It’s no wonder that more city planners are implementing infrastructure to ensure bicycle paths are notable, clear, and enforced correctly. This can inspire businesses to run cycle-to-work schemes, or it may even allow those from slightly out of the city to visit the townscape despite not owning a car or not wanting to bring it into the metropolitan area.
Electric vehicle infrastructure is also more common to see. These vehicles have limited emissions and can be charged capably in a range of charging stations. As more and more manufacturers release EV or hybrid EV models, that which we consider a fuelling station will change, and the nature of delivering high electric demand requires careful integration of the power grid.
We can expect that both of these measures shall be updated as time goes on. As such, adopting both vintage and cutting-edge vehicle standards could be something most residents consider.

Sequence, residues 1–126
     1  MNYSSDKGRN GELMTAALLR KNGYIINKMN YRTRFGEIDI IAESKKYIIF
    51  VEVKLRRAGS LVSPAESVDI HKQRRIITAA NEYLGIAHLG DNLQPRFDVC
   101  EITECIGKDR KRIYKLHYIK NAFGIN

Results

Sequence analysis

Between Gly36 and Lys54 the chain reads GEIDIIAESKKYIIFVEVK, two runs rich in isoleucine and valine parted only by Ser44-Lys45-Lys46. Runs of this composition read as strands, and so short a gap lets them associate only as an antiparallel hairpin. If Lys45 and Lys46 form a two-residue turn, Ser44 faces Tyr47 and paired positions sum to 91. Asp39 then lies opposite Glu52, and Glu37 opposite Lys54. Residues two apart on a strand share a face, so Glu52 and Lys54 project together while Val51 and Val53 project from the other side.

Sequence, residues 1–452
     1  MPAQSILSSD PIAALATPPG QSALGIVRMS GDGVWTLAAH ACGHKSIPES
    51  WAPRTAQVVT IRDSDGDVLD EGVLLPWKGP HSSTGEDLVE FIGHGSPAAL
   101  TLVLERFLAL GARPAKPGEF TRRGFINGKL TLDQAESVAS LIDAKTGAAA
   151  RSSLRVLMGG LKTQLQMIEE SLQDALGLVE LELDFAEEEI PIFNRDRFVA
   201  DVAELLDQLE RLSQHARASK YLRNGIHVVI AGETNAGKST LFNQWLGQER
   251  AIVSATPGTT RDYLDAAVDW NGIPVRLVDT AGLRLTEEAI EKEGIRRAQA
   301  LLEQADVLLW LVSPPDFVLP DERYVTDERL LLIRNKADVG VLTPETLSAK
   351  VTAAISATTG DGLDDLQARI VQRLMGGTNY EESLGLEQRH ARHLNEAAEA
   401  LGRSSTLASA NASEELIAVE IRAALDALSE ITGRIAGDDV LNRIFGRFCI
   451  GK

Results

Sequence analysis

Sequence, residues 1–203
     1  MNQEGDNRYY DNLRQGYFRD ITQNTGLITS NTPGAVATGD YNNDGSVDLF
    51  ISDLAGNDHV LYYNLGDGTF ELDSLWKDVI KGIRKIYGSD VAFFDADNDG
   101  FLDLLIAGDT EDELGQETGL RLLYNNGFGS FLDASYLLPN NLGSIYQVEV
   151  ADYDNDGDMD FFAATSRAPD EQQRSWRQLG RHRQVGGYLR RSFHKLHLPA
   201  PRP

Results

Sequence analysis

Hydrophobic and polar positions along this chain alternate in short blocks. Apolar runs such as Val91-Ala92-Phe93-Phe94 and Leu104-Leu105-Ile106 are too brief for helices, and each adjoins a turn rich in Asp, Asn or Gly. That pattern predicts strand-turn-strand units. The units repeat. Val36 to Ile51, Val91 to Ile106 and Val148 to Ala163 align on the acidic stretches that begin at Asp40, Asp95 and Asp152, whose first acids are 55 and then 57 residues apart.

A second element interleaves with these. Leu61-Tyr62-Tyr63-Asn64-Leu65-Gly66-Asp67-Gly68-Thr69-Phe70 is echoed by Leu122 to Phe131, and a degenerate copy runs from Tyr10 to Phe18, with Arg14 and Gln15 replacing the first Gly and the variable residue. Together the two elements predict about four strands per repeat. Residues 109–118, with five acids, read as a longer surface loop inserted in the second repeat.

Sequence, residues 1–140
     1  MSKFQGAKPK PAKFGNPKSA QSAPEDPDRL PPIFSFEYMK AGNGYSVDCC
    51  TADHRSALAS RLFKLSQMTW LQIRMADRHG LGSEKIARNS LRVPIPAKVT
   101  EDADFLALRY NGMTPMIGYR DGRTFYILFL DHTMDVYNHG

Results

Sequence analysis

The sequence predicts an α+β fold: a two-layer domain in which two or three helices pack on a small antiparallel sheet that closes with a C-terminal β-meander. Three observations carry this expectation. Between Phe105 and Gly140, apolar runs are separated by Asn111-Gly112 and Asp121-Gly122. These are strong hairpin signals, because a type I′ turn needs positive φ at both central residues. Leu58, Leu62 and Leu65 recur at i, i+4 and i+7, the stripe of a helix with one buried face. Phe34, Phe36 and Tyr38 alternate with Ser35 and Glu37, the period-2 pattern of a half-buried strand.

Greenery & Community Conservation
Another term for city infrastructure is that of a ‘concrete jungle,’ and it’s not hard to see why this is.
But there’s no real reason as to why a city needs to be grey and lifeless. As research constantly shows that those who live within a mile of a major park enjoys less stress, better health and less pollution, it’s not hard to see why so many urban residents are crying out for green spaces.
This is not only a luxury implemented by high-end construction or apartment building blocks, but also public access space that can be used and maintained correctly. City allotments have been growing at a fervent pace; and we can expect these green spaces to become more standardized as new apartment complexes are built. While independent gardens for such densely packaged accommodation is unrealistic, community gardening and upkeep is more and more important.
With these measures combined, cities aim to become more eco-friendly. As caring residents, it’s good to push forward these measures and to see how they inspire creativity. You don’t have to be an eco-warrior to see the benefit of living in city planning that has paid attention to environmental concerns – because it turns out that this also helps us live better, healthier, happier lives.
Anyone with a ceaseless love for the outdoors will no doubt agree.
Image Credits: Nancy Bourque